What to Eat on an Optimal Plant-Based Diet?

You might be wondering if you’ll starve on such a diet. Or that you’ll lack variety.

Let me assure you, you certainly won’t.

There are plenty foods to choose from in an optimal plant-based diet. The following list is taken from the Aggregate Nutrient Density Index (ANDI) score, developed by Dr. Joel Fuhrman. It is grouped in food categories and ordered from the highest nutrient density score to the lowest — based on identified phytochemical, antioxidant activity, and total vitamin and mineral content.

10 Plant-Based Food Groups to Boost Your Health

Dark green leafy vegetables
kale*, mustard greens*, collard greens*, watercress*, Swiss chard, spinach, arugula*

Other green vegetables
bok choy*, romaine lettuce, Brussel sprouts*, cabbage*, broccoli*, asparagus, string beans, alfalfa sprouts, radish sprouts*, other sprouts, snow peas, green peas

Sea vegetables
chlorella, dulse, nori, wakame

Non-green nutrient-rich vegetables
carrots, cauliflower, red and yellow bell peppers, radicchio, mushrooms, tomatoes, artichokes, eggplants,  onions, radishes*, bean sprouts, beets

Fresh fruits
strawberries, blackberries, pomegranate, raspberries,  blueberries, grapes, plums, melons, oranges, peaches, pineapples, apples, pears, mangos, avocados, bananas

Beans and legumes
bean sprouts, lentils, beans (fava, kidney, great northern, adzuki, mung, black, pinto), black-eyed peas, split peas, chickpeas, edamame

Raw nuts and seeds
Brazil nuts, sunflower, chia, hemp, sesame, flax, pumpkin, almonds, pistachios, pecans, walnuts, hazelnuts, cashews

Colorful or light whole starchy vegetables
turnips*, butternut and other squashes, sweet potatoes, corn, yam

Whole grains and pseudo-cereals
old-fashioned oats, barley, wild rice and brown rice,  quinoa, amaranth, millet, buckwheat, bulgur

Note: You can download my cute chart when you subscribe to my mailing list at the end of this training.

The foods followed by an asterisk mean they’re part of the cruciferous family — the most nutritious foods on the planet. The ones in pink mean they scored at 1000 points, the ultimate scoring. Again, these are :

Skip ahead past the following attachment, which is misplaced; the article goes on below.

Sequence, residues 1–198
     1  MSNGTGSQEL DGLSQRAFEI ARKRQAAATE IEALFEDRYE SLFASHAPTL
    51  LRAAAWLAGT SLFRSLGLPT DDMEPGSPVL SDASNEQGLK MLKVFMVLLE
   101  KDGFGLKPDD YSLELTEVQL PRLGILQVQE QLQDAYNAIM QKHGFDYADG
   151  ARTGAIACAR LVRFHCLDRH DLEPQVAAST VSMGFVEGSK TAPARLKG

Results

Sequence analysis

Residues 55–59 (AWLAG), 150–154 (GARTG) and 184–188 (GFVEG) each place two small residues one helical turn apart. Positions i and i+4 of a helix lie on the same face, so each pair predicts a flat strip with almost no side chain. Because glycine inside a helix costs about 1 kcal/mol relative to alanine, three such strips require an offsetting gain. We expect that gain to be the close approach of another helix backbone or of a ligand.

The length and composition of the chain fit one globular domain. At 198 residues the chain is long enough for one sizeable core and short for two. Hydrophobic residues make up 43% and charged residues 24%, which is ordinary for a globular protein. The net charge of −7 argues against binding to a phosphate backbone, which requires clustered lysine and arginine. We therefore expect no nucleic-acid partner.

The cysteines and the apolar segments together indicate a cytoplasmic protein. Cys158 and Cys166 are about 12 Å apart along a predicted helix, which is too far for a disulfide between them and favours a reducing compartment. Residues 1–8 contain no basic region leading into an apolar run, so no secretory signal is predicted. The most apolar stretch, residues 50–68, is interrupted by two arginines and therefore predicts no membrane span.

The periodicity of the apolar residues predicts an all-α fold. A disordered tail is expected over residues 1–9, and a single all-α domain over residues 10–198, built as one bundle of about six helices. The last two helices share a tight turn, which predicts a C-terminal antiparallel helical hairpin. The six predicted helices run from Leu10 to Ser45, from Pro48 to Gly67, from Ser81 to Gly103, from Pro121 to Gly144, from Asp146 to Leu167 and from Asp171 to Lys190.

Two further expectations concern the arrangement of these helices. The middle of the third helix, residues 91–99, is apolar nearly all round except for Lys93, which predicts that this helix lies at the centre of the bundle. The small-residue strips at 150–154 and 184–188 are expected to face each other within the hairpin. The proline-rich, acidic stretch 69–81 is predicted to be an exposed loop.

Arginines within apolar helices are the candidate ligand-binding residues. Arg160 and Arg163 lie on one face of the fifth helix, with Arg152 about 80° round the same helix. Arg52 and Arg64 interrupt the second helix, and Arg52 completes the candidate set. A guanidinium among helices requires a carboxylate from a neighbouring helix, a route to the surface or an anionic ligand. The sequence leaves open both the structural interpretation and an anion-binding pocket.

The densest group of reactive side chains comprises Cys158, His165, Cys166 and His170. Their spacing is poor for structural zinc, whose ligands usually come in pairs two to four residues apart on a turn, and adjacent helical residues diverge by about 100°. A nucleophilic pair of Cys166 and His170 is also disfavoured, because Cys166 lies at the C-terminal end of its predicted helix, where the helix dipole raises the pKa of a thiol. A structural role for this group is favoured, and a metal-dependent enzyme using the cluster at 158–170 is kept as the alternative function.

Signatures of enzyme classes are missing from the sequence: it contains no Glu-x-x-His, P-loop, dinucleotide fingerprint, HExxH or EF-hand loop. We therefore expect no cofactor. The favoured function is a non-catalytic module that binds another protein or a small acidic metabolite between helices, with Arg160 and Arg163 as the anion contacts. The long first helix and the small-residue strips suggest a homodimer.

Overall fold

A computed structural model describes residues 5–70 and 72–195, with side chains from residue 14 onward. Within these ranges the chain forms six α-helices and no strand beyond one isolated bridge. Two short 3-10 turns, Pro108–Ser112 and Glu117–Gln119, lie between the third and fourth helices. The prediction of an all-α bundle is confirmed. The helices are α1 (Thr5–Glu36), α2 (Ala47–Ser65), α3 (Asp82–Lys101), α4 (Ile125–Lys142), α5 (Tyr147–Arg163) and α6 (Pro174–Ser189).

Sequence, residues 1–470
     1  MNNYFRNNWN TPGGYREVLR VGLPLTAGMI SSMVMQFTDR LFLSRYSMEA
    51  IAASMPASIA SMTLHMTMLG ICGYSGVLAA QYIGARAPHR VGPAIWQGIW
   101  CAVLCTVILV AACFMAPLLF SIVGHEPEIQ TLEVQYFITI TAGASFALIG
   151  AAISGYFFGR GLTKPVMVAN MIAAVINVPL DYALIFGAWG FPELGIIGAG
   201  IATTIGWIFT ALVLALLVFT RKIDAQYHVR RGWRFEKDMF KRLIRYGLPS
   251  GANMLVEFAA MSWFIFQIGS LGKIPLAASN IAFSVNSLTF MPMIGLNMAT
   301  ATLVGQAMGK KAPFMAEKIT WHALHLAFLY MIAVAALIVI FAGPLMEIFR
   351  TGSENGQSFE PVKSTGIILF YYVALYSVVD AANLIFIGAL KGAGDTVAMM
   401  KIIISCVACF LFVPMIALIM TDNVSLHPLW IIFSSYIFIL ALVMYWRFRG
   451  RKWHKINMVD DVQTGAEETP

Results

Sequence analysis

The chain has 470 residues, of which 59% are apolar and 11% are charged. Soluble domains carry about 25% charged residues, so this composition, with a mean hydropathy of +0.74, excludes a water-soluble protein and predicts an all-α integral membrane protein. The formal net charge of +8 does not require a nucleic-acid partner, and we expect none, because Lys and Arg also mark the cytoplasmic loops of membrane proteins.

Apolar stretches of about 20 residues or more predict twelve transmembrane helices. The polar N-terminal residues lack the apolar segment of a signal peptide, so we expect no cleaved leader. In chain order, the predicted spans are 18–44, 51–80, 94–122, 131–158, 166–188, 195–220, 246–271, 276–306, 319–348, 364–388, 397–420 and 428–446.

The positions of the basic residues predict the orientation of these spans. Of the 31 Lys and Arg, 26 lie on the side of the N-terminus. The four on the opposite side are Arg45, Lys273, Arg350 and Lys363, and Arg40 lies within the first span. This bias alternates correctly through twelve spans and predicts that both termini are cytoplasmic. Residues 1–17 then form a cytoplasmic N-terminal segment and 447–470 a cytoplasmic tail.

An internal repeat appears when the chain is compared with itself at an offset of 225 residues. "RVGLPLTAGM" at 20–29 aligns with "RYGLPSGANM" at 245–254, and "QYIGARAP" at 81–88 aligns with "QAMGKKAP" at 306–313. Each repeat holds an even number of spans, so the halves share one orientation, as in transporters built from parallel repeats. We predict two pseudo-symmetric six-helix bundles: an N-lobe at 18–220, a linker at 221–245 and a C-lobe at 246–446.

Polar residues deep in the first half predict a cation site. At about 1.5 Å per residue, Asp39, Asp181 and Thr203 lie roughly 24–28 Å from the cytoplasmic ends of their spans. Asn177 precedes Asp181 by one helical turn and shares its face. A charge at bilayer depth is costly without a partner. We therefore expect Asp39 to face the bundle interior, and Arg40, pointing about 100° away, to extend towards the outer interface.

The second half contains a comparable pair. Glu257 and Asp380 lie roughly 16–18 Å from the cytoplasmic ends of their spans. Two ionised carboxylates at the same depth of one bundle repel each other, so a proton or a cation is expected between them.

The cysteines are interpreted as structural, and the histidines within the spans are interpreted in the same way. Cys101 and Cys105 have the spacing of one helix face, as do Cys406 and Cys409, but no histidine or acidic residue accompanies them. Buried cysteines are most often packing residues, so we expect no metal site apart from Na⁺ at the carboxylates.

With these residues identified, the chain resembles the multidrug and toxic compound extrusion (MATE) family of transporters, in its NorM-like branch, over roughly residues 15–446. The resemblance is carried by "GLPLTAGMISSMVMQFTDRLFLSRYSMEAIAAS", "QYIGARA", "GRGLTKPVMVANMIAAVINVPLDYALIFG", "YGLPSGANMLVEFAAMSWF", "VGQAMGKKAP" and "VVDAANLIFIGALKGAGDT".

kale*, mustard greens*, collard greens*, watercress*, and turnips*

Do you notice something? They all have an asterisk. Yes, they’re all part of the cruciferous family.

Cruciferous vegetables have the most powerful anti-cancer effects of all foods.

So how much of each group should you eat?

According to Dr. Micheal Greger, the author of How Not to Die, this is his recommendation:

Dark green leafy vegetables and other green vegetables (1 serving/day)

1 cup raw
1/2 cup cooked
1/2 cup chopped
1/4 cup Brussels or broccoli sprouts
1 tablespoon horseradish

Sea vegetables, non-green nutrient-rich vegetables and colorful starchy vegetables (2 servings/day)

1/2 cup raw or cooked
1/2 cup vegetable juice
1/4 dried mushrooms

Fruits (3 servings/day)

1/2 cup fresh or frozen berries
1/3 cup dried berries1 medium-sized fruit1 cup cut-up fruit
1/4 cup dried fruits

Beans and legumes (3 servings/day)

1/4 cup hummus or bean dip
1/2 cooked beans, split peas, lentils, tofu, or tempeh
1 cup fresh peas

Nuts and seeds (1 serving/day)

1/4 cup nuts or seeds
2 tablespoons nut or seed butter

Whole grains (3 servings/day)

1/2 cup hot cereal or cooked grains
1 tortilla or slice of whole bread
1/2 bagel or English muffin
2 cups popped corn

Look at that! You can even enjoy some healthy “junk food” like popcorn. You see? No deprivation at all.

All right, now you know what and much to eat. But how do you make sure you don’t fall off the wagon?

Subscribe to my mailing list to download my Plant-Based Food Groups Chart.

13 Steps to Stick to an Optimal Plant-Based Diet Successfully

So you learned about all the foods you can eat on an optimal plant-based diet.

But sometimes it can be hard to maintain a plant-based diet. What does it take to stick to it?

Here’s a strong guide to go about it.

1. Build a strong foundation

Think about it. You can’t build a mega tall skyscraper without a solid foundation.